Attaching in Adoption                 Nurturing Adoptions                   Attaching in Adoption



Many parents, adoptive or otherwise, may be struggling in their relationship, as I was with my daughter a few years ago, as a result of tension created by their child having difficulty reading. Last night, I sat reading aloud the 2nd book in The Hunger Games trilogy with my daughter, who has just entered her freshman year in high school and is required to read 40 minutes a night or at least 100 pages a week. This requirement is not a new one; throughout elementary and middle school, she was encouraged, sometimes cajoled by her teachers to read each night in the hopes of improving vocabulary, writing, and even reading “stamina.” It was not easy; sometimes we had an unhappy child who struggled while we were standing by feeling hopeless, sad, irritated, and even angry about her inability to read despite all of our best efforts.

Passing more than once the school vision test, the pediatrician’s eye test, and the eye doctor’s test, we eventually discovered what Dr. David Cook, a nationally recognized speaker, writer, and leader in the field of developmental optometry has termed, the myth of 20/20 vision – that “having healthy eyes and the ability to read even the tiniest letters on a chart at the end of a long room” does not preclude a child’s persistent reading difficulties and perhaps, attention problems. Our daughter was the one case in four where 20/20 eyesight is NOT enough for good school performance.

From Dr. Cook’s book, When Your Child Struggles: The Myths of 20/20 Vision – What Every Parent Needs to Know:

“20/20 does not mean that your child can see the chalkboard at the end of the day when he is tired. It does not mean that your child can see to read without blurred or double vision. It does not mean that he can use his eyes to guide a pencil when writing. It does not mean that he can control his eyes well enough to keep his place when reading. It does not mean that he can understand or remember the distorted information coming through his eyes. In short, 20/20 eyesight is absolutely NO guarantee that your child has the visual abilities to succeed in school!”

According to Dr. Cook, vision is more than eyesight acuity but refers to how your child uses his or her eyes to communicate with the world. There are seven main visual abilities for learning and these abilities can be learned and/or improved upon at any age through a process known as Vision Therapy. Vision Therapy is a process which relies on giving an individual feedback and practice to teach him to develop or enhance his visual abilities. In our daughter’s case, it turned out she had a problem tracking words so that the word F R O M, for example, was read as F O R M and vice versa. Vision Therapy identified an eye teaming ability problem and she began to practice exercises to teach her accurately to track with her eyes when looking from one point to another. When our family finally understood our daughter’s vision problems and began Vision Therapy, she became a better reader, a better student, a more empowered individual and our relationship became less strained.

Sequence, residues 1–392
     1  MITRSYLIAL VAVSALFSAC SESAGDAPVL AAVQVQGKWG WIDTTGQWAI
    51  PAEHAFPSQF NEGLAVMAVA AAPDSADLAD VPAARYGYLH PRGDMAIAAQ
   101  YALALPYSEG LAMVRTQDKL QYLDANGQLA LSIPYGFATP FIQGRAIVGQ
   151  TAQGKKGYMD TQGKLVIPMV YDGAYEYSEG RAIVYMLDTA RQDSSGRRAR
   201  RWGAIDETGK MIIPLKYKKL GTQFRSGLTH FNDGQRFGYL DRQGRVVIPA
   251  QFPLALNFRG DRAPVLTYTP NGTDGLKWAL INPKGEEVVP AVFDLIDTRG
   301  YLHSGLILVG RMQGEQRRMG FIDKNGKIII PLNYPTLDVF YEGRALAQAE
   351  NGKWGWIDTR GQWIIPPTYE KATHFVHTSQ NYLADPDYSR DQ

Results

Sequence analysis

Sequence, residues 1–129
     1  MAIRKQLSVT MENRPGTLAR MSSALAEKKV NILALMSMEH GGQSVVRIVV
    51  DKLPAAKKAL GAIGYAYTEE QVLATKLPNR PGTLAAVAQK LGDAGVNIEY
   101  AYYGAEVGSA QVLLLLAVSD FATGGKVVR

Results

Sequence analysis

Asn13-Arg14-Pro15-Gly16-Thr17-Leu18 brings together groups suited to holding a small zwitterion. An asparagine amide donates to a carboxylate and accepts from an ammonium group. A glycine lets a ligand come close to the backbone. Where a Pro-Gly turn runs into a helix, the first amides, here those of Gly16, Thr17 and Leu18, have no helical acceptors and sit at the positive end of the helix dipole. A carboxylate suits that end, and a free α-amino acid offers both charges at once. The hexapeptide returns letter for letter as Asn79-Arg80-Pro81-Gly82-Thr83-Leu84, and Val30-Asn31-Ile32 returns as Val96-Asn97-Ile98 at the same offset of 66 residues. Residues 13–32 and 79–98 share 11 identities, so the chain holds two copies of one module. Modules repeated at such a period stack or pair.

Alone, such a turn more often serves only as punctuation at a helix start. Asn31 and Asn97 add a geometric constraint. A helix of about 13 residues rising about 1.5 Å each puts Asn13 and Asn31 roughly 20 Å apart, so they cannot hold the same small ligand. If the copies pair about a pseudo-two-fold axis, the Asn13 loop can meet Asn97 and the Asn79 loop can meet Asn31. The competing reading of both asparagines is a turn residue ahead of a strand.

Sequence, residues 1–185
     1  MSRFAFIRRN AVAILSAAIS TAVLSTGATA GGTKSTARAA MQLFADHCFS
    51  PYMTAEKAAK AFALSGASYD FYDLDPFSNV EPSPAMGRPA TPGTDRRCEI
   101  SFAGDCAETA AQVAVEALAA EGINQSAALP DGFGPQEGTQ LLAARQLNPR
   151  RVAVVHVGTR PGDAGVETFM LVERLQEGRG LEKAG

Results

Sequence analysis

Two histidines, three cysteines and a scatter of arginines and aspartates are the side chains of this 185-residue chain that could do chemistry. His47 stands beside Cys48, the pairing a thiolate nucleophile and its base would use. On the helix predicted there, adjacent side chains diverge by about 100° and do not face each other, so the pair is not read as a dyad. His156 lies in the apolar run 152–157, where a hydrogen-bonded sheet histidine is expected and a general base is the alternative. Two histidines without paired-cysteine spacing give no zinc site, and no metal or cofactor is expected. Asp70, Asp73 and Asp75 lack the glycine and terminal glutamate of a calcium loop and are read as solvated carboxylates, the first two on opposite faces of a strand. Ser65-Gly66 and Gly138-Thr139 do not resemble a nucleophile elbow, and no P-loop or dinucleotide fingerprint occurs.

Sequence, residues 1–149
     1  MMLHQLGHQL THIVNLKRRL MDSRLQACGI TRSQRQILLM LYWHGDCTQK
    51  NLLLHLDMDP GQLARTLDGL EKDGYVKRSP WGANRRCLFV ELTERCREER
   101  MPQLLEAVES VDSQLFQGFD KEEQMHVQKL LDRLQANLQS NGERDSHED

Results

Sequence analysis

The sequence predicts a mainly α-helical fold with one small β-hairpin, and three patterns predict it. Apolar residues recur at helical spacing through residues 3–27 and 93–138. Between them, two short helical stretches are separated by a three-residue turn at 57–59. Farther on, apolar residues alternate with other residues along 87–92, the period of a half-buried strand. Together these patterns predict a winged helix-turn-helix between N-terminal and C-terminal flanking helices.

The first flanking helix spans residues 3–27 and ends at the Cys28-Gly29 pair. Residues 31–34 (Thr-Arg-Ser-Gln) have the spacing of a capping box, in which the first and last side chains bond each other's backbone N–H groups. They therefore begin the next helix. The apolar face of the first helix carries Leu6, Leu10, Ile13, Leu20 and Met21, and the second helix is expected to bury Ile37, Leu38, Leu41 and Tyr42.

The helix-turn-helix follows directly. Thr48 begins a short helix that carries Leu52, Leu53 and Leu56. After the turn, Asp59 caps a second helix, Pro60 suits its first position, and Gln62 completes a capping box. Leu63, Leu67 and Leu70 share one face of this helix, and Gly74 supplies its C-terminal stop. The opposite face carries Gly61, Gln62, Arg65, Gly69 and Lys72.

Going back to school, in any grade, allows both kids and parents to determine goals, establish procedures, and set up a plan for “success.” My daughter’s coolness for reading persists somewhat but it is now manageable; she admits that because she would choose to read only the required textbooks, she agreed for us to read together each night partnering to fulfill her school’s requirements and coincidentally spending some quiet time together. I remain hopeful that someday she may truly enjoy reading but am satisfied that she continues to flex her reading muscle with me each night. While her reading difficulties have been a source of friction in our relationship, we are overcoming it with time, patience, practice, and our first tool, knowledge.

Susan David

An increasing number of optometrists are growing more mindful of the importance to your child of the visual abilities that go beyond 20/20 vision. For more information about Vision Therapy you can contact the Optometric Extension Program Foundation, the organization dedicated to education and research in VISION; David Cook at; and Gabby Marshall, OD, Developmental Optometrist and our daughter’s eye doctor can be reached at


Ever been at a car wash for one cause or another with a group of teens?  Soapy water, suds, and slippery pavement combined with energetic, spontaneous and very excited teens, and then add every so often a moving vehicle rolling into that picture!  YIKES!  What I noticed, too, was that I had to keep reminding them of the procedures (the “rinse, wash, rinse, dry” mantra) or I found myself holding up hoodies and sweaters (“somebody left this nice jacket, to whom does the black sweater belong? “, etc).

Each week I work with a delightful group of young people with really big hearts and some great ideas around fundraising for a medically challenged child and family facing some extraordinary circumstances.  These young people develop fundraising ideas and then do the necessary work to execute those ideas.  I am fortunate enough to work with them both as a parent and as a performance coach assisting the group, among other things, in setting goals, articulating the group’s purpose, and assessing the outcomes of their fundraising in a neutral way so that the “lessons” learned may be applied to future fundraising events.  They are doing a terrific job.  And I continue to take a nap after spending an intense Friday session with them!